Jon Hammermeister – An expert in sports and performance psychology
By Brad Brown
At the highest level of professional competition, all athletes relentlessly search for ways to gain an edge over their opposition. Their ambition for success is equally preternatural as they train to the outer edges of physical capability.
So what sets apart the perennial MLB All-Star from the struggling minor league prospect, both drafted in the same round in the same year?
Is it simply talent? Luck? Sure, every circumstance is significantly affected by an array of variables but a rising amount of data reveals that a large portion of an athlete’s success and failure boils down to one distinct variable – his or her mental conditioning.
Once used as a tool to help save the careers of problem athletes, sports psychology has recently morphed into a highly influential and respected field. So much so that professional organizations have started hiring sports psychologists to help elevate their athletes’ peak performance and gain an emotional and mental edge on their competition.
Enter Jon Hammermeister, PhD, an EWU professor since 1999 in the Department of Physical Education, Health and Recreation, who specializes in psychosocial aspects of sport, exercise and health.
Over the years, Hammermeister has been called upon to work with some of the world’s most prolific Olympic and professional athletes, and has generated more than 100 academic works in the areas of sport and performance psychology, learning enhancement, leader behaviors, and health psychology – also authoring a book titled Cornerstones of Coaching.
With more than 20 years of experience working with various sports organizations, Hammermeister has been well-suited to take on new challenges and has found his way to the forefront of the ever-evolving field. However, recent technological advancements have pushed him out of his comfort zone and into the realm of psychometrics.
Hammermeister has been working with the Pittsburgh Pirates as a consultant and is responsible for their personal and professional development programs. While organizations have strength coaches to improve athletic performance, Hammermeister works with more than 200 athletes in the Pirates’ system to train the strength of the athlete’s mind.
“The Pirates don’t use the term sports psychology,” said Hammermeister. “They use the term mental conditioning because they want the athletes to think of their minds as muscle. If they train it in the right way it’s going to get stronger.”
Mental conditioning not only affects the way the Pirates train their athletes within the organization, but new technology allows them to acquire numeric approximations of how athletes think when they are looking to acquire new players – and Hammermeister is at the forefront of this cutting-edge research.
“Ten or 15 years ago, we would just guess at that kind of stuff,” said Hammermeister. “Now we’ve got a much more direct way of measuring these things. We are much more confident now in putting together these characterizations of how any individual thinks and what are the reasons behind their action.”
These quantifications play a large role in what Hammermeister does with the MLB draft. In baseball, scouts define a player’s ability by identifying the number of “tools” a player has, with a five-tool player being proficient in fielding, running, throwing, hitting for power and hitting for average. However, part of Hammermeister’s job is to make sure the players the Pirates are interested in drafting have the mental tools that they are looking for in an athlete.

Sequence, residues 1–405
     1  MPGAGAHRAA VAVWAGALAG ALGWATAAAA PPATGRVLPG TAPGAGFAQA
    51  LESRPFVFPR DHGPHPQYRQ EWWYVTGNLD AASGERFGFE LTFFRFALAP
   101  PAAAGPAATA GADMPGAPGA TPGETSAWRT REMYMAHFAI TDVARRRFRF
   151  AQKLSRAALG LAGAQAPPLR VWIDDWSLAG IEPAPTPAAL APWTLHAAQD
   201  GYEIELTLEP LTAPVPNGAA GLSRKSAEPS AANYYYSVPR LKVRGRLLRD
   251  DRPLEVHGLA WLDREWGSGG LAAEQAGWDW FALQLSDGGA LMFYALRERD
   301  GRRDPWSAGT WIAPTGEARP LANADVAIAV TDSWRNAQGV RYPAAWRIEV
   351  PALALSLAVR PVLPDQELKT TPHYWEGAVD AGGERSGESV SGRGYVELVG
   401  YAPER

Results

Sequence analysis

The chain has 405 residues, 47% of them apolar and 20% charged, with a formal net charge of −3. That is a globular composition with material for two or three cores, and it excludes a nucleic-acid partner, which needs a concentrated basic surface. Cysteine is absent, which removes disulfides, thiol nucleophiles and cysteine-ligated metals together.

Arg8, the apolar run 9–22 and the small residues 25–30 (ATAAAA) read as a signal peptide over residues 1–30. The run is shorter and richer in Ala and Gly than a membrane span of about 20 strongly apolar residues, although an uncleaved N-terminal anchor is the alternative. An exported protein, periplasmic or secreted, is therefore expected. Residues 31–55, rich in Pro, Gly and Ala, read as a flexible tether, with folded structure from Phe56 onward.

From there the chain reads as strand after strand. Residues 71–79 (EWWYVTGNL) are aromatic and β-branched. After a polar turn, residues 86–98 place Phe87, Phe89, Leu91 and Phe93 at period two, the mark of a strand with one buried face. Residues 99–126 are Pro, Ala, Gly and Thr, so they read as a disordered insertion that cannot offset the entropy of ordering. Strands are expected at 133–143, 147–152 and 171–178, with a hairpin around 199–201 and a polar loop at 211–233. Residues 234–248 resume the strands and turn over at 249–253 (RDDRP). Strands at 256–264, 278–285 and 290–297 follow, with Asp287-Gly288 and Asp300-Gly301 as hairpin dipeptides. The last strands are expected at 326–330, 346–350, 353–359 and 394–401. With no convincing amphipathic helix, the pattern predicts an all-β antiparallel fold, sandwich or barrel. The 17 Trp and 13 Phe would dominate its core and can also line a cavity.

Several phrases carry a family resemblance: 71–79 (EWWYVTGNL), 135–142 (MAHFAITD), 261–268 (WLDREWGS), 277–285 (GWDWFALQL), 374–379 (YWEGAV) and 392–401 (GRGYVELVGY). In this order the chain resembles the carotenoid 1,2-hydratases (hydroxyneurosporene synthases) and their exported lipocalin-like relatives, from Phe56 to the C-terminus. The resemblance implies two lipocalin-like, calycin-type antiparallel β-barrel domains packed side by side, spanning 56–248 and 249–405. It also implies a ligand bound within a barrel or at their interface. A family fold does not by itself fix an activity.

“There are certain personality traits that are important for high achieving,” he said. “The thing with traits is that they generally don’t change much over time. That’s why it’s important that we are able to identify what these traits are, because if certain combinations of these traits aren’t in place, then it’s hard for us to layer the type of training on top of what we think is going to help develop the athlete in the most effective way.”
Neuropsychology is something Hammermeister says has evolved rapidly in the past five years and is what he tries to bring back to his students at Eastern. Drawing comparisons with the modern-day student and the modern-day athlete, Hammermeister thinks the out-of-the-box techniques used by the Pirates to make learning not seem like school is important for getting the message through to the student.
“I think when you’re trying to teach anybody anything, whether it’s sports psychology or physics, you’ve got to be able to connect with the person,” he said. “Modern-day college students and modern-day athletes are just raised in a slightly different way than most college professors or coaches were. Obviously, they’re expecting more technology to be built into the process, and I think they expect to have more of a say in the process as well.”
While the field continues to rapidly change and adapt with the emergence of new technology, Hammermeister has been forced to adapt to it as well.
“I didn’t get a lot of training with this when I was in college, so it’s really been an area that I’ve had to grow in,” he said. “The biggest problem is that it’s uncomfortable, just because change is uncomfortable. But I think I’ve come to grips with the fact that if I want to stay on the cutting edge, discomfort is just a part of the process.”
To stay ahead of the curve, Hammermeister is continuing to explore new and better ways to assess personality. He says it keeps him sharp, and in his field, “if you want to stay relevant, you’ve got to evolve.”
“I think neuropsych and all the technology being developed around neuropsych are going to have a huge influence on the field,” he said. “It’s been exciting, fulfilling and interesting, and it’s the stuff I try to bring back to Eastern.”